4 Key Shifts in Agri-Marketing

Posted by Timothy Wier On April 30, 2018

 

Shifting trends in agri marketing

 

For decades, tried-and-true marketing methods like direct mail, print ads and more have consistently delivered results for agri-marketers. Unfortunately, the success of those methods isn’t what it used to be, leading many to adopt more modern techniques.

A new era of farming calls for new marketing techniques. Technology, consolidation among both inputs and growers, and increased consumer demands are all contributing to a changing pattern of decision making among agribusinesses.

Consider the top four areas where agri-marketing is shifting the most rapidly.

(Note: This article is part of the "Marketing to Farmers" series. Click here to  read the free guide.)

1. Technology Adoption is on the Rise

Rapid advancements in technology distribution have disrupted agriculture in an unprecedented way. Technological tools, like computers and social media, as well as precision agriculture devices, are changing the way that farmers do their work.

With the advent of new technologies on the farm and a new interconnectedness between farmers and their peers, it’s important to reach them where they are. Here are a few examples:

  • Email marketing will help you send personalized, trackable and profitable messages to your farmers.
  • Programmatic ad spend helps you put your dollars toward the precise audience you’re trying to reach, not a particular website.
  • Social media ads - particularly Facebook - help you break through the clutter and place your information right in front of farmers.

This doesn’t mean that traditional methods are dead. However, it does mean that you can’t take those channels for granted. Continually test new methods against the old to see what gives you the best engagement and ROI.

Either way, your marketing strategy needs to take into account that farmers are increasingly spending time interacting with messages online. So make sure you’re connecting with them through all these channels, and not just through the mail.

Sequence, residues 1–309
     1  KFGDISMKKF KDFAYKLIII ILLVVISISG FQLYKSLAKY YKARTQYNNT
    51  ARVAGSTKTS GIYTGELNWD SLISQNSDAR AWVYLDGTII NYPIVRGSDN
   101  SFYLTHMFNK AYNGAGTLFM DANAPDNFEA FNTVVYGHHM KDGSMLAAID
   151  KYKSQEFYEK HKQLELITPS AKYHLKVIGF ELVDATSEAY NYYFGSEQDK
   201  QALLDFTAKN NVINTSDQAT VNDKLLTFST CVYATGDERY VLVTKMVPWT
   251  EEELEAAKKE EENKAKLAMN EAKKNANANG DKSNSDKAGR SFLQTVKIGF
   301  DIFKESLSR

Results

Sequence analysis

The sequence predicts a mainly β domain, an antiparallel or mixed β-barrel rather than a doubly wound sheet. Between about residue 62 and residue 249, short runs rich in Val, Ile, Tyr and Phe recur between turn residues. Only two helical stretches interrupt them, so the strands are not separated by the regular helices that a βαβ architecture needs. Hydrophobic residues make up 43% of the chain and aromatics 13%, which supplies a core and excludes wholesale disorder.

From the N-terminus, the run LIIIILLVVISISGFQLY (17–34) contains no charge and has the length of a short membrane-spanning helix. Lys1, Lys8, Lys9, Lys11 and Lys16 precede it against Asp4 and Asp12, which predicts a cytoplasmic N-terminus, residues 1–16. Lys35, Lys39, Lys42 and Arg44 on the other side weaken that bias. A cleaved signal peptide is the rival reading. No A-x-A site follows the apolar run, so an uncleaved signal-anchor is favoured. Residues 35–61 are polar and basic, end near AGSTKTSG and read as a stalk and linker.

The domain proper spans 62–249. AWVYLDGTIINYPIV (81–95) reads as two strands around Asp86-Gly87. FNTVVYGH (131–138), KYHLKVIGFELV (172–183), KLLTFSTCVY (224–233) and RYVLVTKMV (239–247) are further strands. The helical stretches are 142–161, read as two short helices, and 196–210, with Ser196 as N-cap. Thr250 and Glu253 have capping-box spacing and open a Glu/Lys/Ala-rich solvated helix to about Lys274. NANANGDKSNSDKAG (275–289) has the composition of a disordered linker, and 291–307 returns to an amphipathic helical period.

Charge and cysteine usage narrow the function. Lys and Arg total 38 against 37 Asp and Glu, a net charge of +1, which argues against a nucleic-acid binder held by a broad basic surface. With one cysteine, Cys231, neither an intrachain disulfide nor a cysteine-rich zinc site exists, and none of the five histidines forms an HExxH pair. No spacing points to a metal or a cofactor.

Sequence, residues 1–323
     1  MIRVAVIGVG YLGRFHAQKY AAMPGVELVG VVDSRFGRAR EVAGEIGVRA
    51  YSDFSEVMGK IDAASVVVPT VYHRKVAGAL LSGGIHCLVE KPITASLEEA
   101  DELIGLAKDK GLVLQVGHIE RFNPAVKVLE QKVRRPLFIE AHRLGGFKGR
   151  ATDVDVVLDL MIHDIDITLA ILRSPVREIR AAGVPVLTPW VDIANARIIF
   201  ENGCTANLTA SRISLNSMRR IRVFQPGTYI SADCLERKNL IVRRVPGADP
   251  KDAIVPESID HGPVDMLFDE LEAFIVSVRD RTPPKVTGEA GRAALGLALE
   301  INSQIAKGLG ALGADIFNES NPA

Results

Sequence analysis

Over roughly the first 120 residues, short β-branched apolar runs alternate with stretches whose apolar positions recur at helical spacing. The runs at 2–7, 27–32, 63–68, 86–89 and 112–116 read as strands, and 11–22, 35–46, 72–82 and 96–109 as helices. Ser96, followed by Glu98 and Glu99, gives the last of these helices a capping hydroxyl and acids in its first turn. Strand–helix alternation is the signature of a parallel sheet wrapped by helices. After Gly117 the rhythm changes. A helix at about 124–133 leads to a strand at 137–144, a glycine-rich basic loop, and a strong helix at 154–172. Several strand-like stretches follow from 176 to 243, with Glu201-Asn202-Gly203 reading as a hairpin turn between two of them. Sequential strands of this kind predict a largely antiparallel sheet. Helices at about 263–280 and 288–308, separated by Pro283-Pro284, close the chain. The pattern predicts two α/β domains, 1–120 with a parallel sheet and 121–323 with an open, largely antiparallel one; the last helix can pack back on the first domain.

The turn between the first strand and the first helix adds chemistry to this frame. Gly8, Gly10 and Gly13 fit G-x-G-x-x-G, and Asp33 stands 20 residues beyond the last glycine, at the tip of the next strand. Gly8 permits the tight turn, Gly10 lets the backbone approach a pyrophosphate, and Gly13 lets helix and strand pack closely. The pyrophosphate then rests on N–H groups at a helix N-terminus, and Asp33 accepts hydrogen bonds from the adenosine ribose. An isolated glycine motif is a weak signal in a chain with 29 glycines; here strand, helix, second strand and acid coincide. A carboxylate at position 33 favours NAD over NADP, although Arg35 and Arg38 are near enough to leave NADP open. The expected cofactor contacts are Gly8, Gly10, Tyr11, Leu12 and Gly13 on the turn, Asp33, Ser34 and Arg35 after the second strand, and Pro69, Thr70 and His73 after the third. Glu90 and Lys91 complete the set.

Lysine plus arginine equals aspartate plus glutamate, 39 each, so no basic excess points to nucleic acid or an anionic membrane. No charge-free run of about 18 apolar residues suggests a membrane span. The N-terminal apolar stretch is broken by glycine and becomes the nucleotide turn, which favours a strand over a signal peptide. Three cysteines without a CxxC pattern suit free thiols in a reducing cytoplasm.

2. Aging Farmers are Retiring

While the age of the average farmer hovers somewhere around 60 years old, it’s important to recognize that a number of these farmers are retiring and leaving their property to younger farmers or selling off to management firms. The marketing channels that you used to reach older farmers may no longer prove relevant with the new wave of farmers - particularly Millennial farmers.

Take time to understand farm ownership among the farms you work with and determine whether your current marketing strategies are really the best for those farmers specifically. Just because an average number of farmers across the country are a certain age or have certain preferences doesn’t mean that these statistics accurately represent farmers in your market.

Data on farm ownership and those next in line for ownership of farms in your territory can give you the information you need to adjust your marketing messages for those you work with on a daily basis.

3. Niche Markets are Expanding

Niche markets are growing in popularity and profitability for the farmers who pursue them. Not only are popular niches, like organic farming, attracting new farmers, but new niche markets of all sorts are cropping up across the country.

The 2018 Farm Bill, if passed, seeks to provide more stability for the market overall and also for speciality crops in particular. So niche markets are not only going to have the opportunity to expand, they’ll hopefully be stepping into a market that’s more stable than the one we’ve had for the last five years.

Changing consumer habits and government regulations contribute to an increasing concentration of farmers focusing on things like specialty crops and atypical growing practices. Use data on your farmers’ crop outputs to learn more about which niches farmers in your territory are already pursuing.

4. Farmers are Savvy to Marketing Tactics in Other Fields

Because farmers are spending more time interacting with brands online, they’re spending more time interacting with marketing tactics employed across other industries.

Don’t be afraid to experiment with new marketing messaging beyond the all too common “farmer in the field” messaging the industry is known for. Farmers are increasingly sensitive to the messages around them, so make your messaging fresh and memorable.

The world of marketing has changed, but reaching your target audience and leaving a memorable impression is easier than ever. Small tweaks to your marketing strategies can allow you to reach younger, niche and tech savvy farmers with the messages that they want to hear.

 

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